Our Language Economy shares a very similar model. The analogy goes: just as in the ‘Real’ economy, our methodology of using language to produce communication functions through scarce resources also. Decisions must be made on how to most effectively communicate in the given context. Grammar aides us here. But much less considered is the role of literary devices. Literary technologies like onomatopoeia, metaphor, alliteration, epithet, and stream of consciousness are crucial. Let’s consider the ‘technology’ behind literary devices.
To communicate an idea, thought, feeling, instruction, or description requires successful transference from the sender to receiver. Considering the finite alphabet, grammar rules, and relative consciousness we communicate in a language system of scarce resources. Producing successful communication is still something many of us fail at. Writers and communicators who can bring clarity to an idea, fullness to a description, and depth to our expressions of emotion are highly celebrated much like their ‘Real’ economy inventor equivalents. Poet-philosophers like Shakespeare, T.S. Eliot, and William Wordsworth are the language equivalents to ‘Real’ inventors like Thomas Edison and Alexander Graham Bell. Extending the analogy then, hip hop artists like Jay-Z and Nas are the language innovator equivalents to the ‘Real’ economy innovators like Oleg V. Losev and Steve Jobs.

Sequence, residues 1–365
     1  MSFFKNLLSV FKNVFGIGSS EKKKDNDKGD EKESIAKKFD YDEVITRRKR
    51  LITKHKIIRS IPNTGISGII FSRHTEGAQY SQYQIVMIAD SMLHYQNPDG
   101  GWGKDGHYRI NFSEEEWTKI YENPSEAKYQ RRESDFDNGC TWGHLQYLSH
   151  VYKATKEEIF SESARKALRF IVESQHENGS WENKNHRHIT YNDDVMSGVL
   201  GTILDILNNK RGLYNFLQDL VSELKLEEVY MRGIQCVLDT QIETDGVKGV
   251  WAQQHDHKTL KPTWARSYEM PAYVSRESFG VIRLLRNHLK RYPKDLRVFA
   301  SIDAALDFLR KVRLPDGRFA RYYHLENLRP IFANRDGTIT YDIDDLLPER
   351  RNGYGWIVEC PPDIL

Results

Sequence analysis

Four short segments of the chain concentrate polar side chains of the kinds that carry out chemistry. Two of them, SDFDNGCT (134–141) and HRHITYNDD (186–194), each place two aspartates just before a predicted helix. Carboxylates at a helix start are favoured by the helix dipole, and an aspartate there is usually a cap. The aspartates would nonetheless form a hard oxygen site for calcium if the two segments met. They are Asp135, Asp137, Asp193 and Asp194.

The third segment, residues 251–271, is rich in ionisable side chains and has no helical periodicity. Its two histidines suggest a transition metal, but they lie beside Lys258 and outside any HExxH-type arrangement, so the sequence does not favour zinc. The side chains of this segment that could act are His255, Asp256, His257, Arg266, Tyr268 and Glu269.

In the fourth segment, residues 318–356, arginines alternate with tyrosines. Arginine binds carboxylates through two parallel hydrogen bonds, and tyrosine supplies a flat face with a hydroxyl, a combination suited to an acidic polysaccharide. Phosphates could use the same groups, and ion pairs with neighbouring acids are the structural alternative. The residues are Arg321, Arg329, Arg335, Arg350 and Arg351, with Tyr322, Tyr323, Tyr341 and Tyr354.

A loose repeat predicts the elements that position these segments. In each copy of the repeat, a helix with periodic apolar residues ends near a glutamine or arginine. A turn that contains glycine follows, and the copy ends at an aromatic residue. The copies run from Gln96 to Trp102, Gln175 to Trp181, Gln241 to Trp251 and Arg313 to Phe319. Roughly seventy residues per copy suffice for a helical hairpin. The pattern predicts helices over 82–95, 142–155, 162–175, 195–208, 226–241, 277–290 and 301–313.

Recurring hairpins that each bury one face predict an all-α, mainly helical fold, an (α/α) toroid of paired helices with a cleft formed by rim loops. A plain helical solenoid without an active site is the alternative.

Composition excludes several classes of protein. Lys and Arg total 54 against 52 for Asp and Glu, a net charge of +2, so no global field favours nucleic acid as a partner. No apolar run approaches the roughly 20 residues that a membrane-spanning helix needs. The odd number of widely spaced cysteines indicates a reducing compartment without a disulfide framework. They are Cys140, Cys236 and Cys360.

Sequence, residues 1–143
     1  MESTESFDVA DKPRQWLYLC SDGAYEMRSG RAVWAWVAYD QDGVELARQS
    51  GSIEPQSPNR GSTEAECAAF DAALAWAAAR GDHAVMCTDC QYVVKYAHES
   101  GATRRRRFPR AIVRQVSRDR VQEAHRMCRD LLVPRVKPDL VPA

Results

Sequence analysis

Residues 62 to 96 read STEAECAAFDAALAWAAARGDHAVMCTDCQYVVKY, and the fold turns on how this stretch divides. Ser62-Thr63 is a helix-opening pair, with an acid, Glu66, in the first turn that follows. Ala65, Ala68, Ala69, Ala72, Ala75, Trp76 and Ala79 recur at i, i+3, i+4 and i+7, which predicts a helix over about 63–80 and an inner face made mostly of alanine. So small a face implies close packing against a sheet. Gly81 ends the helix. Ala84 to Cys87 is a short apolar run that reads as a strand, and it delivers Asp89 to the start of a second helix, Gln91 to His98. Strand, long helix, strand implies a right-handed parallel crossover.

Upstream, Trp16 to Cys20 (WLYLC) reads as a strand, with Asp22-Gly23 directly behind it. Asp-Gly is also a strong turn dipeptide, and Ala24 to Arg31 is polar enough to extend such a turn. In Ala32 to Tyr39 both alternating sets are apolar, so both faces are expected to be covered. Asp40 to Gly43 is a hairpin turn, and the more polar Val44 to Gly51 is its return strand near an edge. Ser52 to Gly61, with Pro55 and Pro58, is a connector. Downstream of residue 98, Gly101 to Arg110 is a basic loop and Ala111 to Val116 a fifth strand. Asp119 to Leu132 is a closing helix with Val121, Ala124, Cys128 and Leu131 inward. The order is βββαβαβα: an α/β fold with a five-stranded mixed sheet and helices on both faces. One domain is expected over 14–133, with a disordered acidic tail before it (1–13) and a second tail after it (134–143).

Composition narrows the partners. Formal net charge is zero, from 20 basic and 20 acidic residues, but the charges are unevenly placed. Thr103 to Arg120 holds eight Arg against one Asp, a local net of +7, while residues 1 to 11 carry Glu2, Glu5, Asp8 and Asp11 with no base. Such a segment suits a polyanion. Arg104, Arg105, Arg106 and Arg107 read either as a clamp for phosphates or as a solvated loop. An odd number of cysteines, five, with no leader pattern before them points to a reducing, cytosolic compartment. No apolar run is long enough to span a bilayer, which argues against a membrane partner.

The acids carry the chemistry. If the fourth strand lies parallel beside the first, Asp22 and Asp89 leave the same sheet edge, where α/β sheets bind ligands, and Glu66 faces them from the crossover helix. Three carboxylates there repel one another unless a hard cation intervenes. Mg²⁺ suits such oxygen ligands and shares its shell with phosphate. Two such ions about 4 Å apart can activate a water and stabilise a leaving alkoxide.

Consider the following literary device example of ‘epithet’. This device is a great technology as a mnemonic device and method of conveying an array of attributes onto a character. If one were telling a story with a complex arrangement of characters, then this technology would provide great efficiencies. Let’s look at an example of its use historically and in hip hop.